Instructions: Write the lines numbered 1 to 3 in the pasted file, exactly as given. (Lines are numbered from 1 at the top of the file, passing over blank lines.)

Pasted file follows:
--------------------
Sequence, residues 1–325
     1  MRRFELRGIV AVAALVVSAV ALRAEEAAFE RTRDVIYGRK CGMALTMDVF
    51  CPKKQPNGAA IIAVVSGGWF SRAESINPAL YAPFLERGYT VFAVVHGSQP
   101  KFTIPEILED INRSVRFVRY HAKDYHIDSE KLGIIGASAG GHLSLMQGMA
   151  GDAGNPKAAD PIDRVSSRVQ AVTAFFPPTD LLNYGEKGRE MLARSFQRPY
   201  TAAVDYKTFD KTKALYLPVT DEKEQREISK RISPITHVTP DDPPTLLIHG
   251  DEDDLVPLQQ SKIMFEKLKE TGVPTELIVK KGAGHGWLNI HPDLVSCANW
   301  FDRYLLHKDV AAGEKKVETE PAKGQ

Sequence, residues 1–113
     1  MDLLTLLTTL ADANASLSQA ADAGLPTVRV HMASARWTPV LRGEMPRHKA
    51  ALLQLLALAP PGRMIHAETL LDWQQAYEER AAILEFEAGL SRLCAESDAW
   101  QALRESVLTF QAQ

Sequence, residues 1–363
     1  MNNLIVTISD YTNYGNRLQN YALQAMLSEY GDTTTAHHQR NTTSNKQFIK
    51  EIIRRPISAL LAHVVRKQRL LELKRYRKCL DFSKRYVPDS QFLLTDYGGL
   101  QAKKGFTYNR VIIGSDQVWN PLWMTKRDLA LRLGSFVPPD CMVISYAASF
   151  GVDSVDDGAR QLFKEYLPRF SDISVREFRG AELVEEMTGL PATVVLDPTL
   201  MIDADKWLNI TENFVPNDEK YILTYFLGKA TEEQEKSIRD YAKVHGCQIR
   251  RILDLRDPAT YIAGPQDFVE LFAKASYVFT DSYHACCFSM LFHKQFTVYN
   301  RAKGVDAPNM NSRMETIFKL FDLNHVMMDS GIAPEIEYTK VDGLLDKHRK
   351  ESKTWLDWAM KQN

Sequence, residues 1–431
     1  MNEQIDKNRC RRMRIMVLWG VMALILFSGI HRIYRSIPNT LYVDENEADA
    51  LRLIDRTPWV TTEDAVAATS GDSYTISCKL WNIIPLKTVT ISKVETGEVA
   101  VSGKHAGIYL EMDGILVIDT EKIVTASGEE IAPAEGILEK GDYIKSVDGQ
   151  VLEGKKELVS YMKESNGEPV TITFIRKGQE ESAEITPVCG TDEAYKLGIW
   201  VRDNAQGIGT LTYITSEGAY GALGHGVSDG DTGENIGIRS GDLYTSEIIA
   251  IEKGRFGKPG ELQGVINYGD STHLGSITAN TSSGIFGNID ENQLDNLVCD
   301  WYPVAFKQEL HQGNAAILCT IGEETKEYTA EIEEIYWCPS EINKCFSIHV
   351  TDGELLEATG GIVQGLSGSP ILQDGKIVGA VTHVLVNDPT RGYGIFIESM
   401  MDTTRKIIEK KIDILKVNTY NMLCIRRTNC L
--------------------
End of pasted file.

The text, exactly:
Sequence, residues 1–325
     1  MRRFELRGIV AVAALVVSAV ALRAEEAAFE RTRDVIYGRK CGMALTMDVF
    51  CPKKQPNGAA IIAVVSGGWF SRAESINPAL YAPFLERGYT VFAVVHGSQP